The blast at a scrap store near Samrala Chowk here on Saturday has once again brought to the fore the need to ensure checks on materials imported into the country and to install electronic scanners at Inland Container Depots (ICD) where containers could be scanned for verification of their contents.
The industrial bodies have for long been demanding such electronic scanners at ICDs at Sahnewal, Dhandari Kalan and Phase 7 industrial area for proper checking of imported materials.
The industry bodies had last year also made the demand for scanners to officials of customs (preventive), who look after ICDs, for installing electronic scanners at these three ports, but nothing has been done so far.
Federation of associations of small industries of India president Badish Kumar Jindal said, "Had the scanners been installed at these three ICDs where imported materials for different industries in the city arrives, the blast could have been prevented since electronic scanners provide accurate information about materials in the containers."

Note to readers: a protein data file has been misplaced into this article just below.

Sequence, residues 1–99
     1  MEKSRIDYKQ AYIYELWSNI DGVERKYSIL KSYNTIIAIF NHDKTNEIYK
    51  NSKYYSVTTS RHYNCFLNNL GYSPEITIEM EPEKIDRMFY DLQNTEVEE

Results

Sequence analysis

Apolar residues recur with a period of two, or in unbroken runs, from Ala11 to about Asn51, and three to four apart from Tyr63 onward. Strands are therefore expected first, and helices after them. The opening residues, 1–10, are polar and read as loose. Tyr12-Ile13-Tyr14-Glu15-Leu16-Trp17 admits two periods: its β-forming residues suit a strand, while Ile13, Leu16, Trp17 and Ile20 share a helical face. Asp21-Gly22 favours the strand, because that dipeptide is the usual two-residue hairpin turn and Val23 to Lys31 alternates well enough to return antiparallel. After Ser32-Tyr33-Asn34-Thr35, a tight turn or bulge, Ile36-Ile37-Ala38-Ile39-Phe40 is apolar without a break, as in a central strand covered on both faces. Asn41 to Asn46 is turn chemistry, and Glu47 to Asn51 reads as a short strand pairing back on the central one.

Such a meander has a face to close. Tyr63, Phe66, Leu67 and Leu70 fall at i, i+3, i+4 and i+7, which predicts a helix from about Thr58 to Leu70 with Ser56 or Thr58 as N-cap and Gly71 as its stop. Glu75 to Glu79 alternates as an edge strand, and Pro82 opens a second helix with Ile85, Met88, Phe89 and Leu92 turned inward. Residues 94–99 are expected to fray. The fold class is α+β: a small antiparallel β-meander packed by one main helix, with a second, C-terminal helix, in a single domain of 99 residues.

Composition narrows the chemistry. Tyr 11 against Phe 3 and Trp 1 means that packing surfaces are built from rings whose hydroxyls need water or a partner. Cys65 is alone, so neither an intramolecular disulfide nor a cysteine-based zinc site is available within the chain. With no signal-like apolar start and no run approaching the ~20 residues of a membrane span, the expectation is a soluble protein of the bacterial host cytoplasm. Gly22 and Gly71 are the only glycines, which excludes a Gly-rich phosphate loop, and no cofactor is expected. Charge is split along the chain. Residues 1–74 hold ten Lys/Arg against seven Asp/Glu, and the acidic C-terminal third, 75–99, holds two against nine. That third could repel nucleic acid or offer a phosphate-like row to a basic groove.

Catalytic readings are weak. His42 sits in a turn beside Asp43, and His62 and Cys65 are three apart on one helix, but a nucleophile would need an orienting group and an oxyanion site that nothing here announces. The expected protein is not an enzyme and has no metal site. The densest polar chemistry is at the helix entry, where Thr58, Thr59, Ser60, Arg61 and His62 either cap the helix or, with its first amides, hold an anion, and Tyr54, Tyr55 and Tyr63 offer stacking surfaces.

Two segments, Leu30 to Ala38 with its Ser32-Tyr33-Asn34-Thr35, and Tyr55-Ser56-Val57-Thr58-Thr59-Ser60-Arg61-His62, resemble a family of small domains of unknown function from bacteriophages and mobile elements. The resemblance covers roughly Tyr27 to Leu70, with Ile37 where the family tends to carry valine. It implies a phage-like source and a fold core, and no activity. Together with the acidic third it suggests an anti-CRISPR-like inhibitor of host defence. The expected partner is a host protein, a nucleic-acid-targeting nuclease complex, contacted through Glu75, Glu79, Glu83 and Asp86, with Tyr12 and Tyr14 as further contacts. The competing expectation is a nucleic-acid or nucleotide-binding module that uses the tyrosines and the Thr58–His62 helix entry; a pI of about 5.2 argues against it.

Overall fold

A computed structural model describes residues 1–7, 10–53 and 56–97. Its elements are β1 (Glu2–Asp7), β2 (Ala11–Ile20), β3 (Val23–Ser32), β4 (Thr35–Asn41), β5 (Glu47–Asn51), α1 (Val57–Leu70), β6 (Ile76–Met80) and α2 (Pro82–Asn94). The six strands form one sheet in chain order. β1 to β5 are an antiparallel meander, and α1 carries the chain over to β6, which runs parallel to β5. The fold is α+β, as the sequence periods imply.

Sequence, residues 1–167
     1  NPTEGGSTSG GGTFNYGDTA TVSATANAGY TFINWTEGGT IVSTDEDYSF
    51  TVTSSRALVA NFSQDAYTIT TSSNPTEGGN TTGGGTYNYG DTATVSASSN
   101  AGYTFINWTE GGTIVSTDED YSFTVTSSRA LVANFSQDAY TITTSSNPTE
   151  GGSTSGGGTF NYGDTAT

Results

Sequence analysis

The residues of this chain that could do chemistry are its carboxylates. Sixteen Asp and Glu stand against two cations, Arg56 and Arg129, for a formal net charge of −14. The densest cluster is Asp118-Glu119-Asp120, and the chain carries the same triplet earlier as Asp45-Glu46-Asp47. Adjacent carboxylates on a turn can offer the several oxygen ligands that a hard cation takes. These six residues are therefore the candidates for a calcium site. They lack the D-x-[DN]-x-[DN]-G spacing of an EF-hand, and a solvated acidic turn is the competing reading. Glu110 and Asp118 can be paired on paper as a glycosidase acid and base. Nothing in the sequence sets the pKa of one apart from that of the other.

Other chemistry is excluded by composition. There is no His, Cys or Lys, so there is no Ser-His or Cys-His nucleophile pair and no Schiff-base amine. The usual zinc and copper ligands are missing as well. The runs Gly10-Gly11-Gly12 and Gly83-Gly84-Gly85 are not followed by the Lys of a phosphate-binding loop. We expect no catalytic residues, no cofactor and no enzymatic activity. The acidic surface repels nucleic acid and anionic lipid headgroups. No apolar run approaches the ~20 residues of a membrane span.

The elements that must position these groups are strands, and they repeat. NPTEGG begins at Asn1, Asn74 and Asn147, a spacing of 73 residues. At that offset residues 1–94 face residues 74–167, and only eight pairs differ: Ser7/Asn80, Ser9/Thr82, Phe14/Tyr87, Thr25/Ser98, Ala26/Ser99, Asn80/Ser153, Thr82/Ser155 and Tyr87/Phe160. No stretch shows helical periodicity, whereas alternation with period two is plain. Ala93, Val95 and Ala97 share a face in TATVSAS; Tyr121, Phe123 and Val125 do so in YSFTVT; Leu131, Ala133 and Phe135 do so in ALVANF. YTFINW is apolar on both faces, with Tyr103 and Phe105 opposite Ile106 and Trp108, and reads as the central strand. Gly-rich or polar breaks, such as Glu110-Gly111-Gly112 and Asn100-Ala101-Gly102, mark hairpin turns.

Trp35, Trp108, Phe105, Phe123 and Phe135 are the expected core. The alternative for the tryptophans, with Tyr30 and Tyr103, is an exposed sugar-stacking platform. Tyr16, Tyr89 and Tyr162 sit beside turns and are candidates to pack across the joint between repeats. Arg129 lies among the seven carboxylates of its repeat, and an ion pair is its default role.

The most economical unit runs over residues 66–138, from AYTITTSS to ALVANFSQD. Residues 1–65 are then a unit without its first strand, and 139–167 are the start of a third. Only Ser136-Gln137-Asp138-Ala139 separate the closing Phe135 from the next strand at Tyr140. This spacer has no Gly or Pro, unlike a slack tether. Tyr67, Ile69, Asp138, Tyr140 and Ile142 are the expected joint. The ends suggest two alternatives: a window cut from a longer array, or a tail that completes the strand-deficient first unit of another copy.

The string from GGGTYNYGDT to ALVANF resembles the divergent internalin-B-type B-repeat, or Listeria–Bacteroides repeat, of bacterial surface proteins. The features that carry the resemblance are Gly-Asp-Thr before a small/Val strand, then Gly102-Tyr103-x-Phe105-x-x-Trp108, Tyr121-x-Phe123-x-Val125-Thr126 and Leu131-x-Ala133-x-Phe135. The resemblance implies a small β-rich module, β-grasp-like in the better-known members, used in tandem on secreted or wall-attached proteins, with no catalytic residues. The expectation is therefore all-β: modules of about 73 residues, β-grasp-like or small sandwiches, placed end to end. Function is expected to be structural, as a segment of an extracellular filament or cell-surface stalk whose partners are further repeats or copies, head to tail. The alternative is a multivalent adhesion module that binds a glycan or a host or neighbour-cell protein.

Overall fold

Sources said that checking of containers at these ICDs was presently done manually, which was giving poor results since it was not possible to inspect a large number of containers through such method. Besides, it was also a time-consuming process.
An estimated 250-300 containers of scrap from other countries arrives at these three ports daily. However, in the absence of proper checking, most containers pass through unchecked.
"The scanners will not only reduce chances of such explosions, but also ensure transparency at these ports," said an industry representative.
SS Dhillon, director of micro, small and medium enterprises (MSME) development institute, said that it could not take any initiative on its own to install scanners at these ports.
"We definitely need to find out why blasts are taking place and chalk out plan to stop these. But the institute can help only if it is asked," he said.
Commissioner, customs (preventive), KK Sharma could not be contacted despite repeated attempts.